Review by Daz Gale
One of the highlights in the theatrical calendar each year is when Chichester Festival Theatre begin their season. Quite often you are witnessing the future of the West End with last years sensational musical Crazy For You soon to be seen in London. As the season kicks off, it’s not a musical but a play that is getting people talking as UK audiences finally get another chance to see 4000 Miles more than 1000 days after it was originally due to open. But was it worth the wait?
Written by Amy Herzog, 4000 Miles was first seen in 2011 and has enjoyed multiple runs off-Broadway. In 2020 it was announced to play at The Old Vic starring Eileen Atkins and a little known actor named Timothee Chalamet – but this was ultimately cancelled thanks to the pesky pandemic. The show tells the story of 21 year old Leo who goes to visit his elderly grandmother Vera in New York. As the two reconnect, we learn about events from both of their pasts, similarities and extreme differences in their natures and views as they connect again.
Amy Herzogs writing beautifully encapsulates the relationship between a grandmother and a grandson, particularly one that has been fractured from distance and neglect. The initial reluctance and gradual reconnection thanks to refreshing familiarity creates a heart-warming story with relatable moments many of us can draw comparisons with. I found myself thinking back to my own grandmother and the conversations I’d have with her. In that respect, 4000 Miles is a gorgeous exploration of family and the special bond that can span generations.
Amys writing is regularly funny, both in the lines themselves and the absurdity of certain elements, drawing on a classic “odd couple” narrative of Leo and Vera. With some graphic and unlikely conversations and some sexual overshares from both of them, it can lead to some laugh out loud moments – particularly in one humorous and fantastically delivered scene where the pair smoke pot together. The humour is joined with some darker moments as we explore some more serious themes such as loneliness in elderly people and facing your own demons and traumatic moments from your past. To that, 4000 Miles can’t be faulted in regards to its writing.
Originally due to star in the show in 2020, Eileen Atkins has remained with the production to play the role of Vera – and for that we should all be thankful. Eileen gives a masterclass performance as the 91 year old who lives out her days not used to sharing her personal spade and has to get used to this new familiarity of family in her presence with the fear of it all going away again. Eileen plays the role sensitively but with bundles of humour in a a performance that feels natural and authentic. An utterly charming performance, Eileen truly becomes the character of Vera making us all fall in love with her, get to know her intimately (at times TOO intimately) and truly feel for her as she deals with the frustration of forgetting things, shaking hands and an unspoken loneliness.
Sebastian Croft takes on the role of Leo. Best known for his role in TV series Heartstopper, Sebastian is no stranger to the stage and shows why he feels right at home on there in a fantastic performance. As the complicated Leo, Sebastian gives a charming and convincing performance, perfectly delving into all the complexities as Leo struggles to come to terms with recent events and what he wants from life. The performance is elevated thanks to a beautiful chemistry with Eileen Atkins as the two have a natural rapport creating a believable grandmother/grandson dynamic.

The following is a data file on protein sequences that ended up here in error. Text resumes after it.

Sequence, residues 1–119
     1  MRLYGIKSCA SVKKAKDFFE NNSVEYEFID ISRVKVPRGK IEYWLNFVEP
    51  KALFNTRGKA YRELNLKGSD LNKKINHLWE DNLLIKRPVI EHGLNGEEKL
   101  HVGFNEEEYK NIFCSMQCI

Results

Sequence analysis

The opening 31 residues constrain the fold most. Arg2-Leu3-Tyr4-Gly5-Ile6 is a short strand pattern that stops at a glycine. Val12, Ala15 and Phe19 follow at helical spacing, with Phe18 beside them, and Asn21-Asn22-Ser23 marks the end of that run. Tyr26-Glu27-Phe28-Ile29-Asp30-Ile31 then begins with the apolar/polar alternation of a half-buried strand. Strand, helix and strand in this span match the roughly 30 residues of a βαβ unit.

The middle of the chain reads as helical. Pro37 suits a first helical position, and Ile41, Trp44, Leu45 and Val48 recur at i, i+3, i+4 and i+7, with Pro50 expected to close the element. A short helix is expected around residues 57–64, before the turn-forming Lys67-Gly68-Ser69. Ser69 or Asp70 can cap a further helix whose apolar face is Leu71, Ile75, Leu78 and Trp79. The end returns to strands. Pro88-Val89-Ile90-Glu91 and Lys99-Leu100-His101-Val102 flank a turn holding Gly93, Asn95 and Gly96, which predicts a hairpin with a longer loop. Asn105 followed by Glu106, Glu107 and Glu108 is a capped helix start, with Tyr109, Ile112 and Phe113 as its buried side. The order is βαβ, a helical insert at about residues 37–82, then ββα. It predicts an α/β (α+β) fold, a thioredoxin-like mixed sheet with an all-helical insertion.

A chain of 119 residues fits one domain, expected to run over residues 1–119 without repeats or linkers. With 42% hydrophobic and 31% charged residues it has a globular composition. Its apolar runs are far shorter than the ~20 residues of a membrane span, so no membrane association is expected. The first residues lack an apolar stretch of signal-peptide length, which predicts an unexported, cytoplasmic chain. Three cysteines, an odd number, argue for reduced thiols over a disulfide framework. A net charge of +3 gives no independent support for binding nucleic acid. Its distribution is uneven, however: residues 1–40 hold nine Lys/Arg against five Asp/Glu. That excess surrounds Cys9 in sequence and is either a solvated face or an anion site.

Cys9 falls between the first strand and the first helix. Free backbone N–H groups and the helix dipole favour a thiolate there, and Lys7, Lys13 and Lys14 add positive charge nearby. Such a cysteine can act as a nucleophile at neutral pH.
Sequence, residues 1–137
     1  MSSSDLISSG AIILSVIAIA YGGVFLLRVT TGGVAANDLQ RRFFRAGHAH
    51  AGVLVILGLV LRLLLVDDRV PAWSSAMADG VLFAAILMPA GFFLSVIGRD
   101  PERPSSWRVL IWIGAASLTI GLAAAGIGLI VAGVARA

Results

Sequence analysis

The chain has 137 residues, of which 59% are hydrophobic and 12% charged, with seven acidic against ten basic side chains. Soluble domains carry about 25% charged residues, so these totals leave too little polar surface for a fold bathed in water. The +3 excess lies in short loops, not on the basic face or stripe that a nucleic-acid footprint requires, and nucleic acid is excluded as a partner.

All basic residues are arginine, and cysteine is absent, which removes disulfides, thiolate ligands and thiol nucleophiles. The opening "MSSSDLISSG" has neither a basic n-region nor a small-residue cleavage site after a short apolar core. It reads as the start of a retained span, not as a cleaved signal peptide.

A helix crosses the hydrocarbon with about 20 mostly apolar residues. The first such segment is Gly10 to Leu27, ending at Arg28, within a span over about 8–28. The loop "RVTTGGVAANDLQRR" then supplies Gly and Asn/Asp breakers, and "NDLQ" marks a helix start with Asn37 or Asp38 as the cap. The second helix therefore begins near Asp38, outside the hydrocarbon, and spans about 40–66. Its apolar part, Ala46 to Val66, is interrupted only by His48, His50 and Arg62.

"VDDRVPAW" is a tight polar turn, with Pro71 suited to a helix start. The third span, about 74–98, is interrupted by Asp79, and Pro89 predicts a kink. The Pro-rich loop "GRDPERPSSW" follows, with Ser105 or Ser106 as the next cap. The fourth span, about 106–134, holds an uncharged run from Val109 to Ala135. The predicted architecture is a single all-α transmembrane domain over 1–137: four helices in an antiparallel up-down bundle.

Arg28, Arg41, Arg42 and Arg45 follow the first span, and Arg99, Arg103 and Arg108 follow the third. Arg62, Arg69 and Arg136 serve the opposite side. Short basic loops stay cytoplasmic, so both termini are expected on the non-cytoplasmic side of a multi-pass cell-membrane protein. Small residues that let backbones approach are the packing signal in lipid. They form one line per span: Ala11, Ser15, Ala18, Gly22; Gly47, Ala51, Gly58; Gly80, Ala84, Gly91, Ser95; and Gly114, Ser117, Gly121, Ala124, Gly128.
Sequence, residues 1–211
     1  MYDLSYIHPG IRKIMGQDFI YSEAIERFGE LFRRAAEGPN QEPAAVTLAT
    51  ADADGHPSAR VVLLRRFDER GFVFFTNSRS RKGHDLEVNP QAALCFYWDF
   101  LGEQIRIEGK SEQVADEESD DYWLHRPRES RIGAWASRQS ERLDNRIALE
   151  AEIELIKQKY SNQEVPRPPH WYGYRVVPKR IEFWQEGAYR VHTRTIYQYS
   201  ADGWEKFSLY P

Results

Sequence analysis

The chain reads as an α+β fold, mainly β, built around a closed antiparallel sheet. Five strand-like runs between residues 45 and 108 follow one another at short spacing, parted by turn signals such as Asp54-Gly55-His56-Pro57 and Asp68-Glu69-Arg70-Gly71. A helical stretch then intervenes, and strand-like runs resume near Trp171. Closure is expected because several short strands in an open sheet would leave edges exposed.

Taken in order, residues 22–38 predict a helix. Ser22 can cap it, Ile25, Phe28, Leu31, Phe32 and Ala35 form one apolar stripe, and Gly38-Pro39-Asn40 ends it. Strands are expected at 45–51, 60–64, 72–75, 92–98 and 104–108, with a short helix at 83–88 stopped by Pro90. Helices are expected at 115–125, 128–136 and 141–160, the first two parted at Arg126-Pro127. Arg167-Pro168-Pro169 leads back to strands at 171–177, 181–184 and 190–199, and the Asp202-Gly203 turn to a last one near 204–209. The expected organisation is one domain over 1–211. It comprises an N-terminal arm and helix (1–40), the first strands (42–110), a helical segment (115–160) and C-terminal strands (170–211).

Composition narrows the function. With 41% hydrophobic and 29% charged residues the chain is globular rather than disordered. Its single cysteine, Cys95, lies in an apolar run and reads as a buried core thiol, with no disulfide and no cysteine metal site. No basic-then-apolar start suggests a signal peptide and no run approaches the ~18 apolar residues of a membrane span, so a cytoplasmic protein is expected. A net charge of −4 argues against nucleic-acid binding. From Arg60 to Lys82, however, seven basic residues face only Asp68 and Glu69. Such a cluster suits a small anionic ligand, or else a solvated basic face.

While 4000 Miles is predominantly dominated by Croft and Atkins, two other characters get fleeting moments on stage. Neil Barlow brings a new energy with a great turn as Bec while Elizabeth Chu gives a memorable turn with her brief time as Amanda, both playing against Sebastian Crofts Leo in differing ways and allowing him to reveal more about his character, and indeed, his own acting ability.
Peter McKintosh’s set design gives a great representation of Veras very much lived in New York apartment, littered with books at every angle. Its static nature feels homely and comforting which is very much in-keeping with the theme. Peter Mumfords lighting design is varied in its approach with varying degrees of success. At times too dark and others too light, it succeeds in creating an atmospheric tone, while an inspired touch of sound design from John Leonard sees a constant use of background noise off stage.
There is one element to 4000 Miles which was sadly less successful than the others, however. That is in the direction. While Richard Eyre’s direction works in places, some of the choices feel misjudged at best and baffling at worst and only succeed to lose the momentum from the play. This is none the more apparent than in the scene changes which are too frequent and too long creating a constant stop/start nature to the play. Witnessing stage hands make the most minor of changes to the et feels unnecessary and takes the audience stagehandsmoment. While of course it may be necessary for the actors to change outfits, you get the sense this could have been executed in a different way. In its current form, it feels problematic and disappointingly lessened the impact of some of the shows most powerful moments.
Ultimately, 4000 Miles is a beautiful play boasting gorgeous and sentimental writing elevated by stunning performances from its two sensational lead actors. What should be an overall winner of a play is somewhat undone thanks to some confused and clunky direction. However, this doesn’t take away from the heart of the show which still effortlessly transcends beyond the stage. I may not have quite travelled 4000 Miles on my journey to Chichester to catch this production but it was more than worth the trip.
4000 Miles plays at the Minerva, Chichester Festival Theatre until 10th June. Tickets https://www.cft.org.uk/events/4000-miles
Photos by Manuel Harlan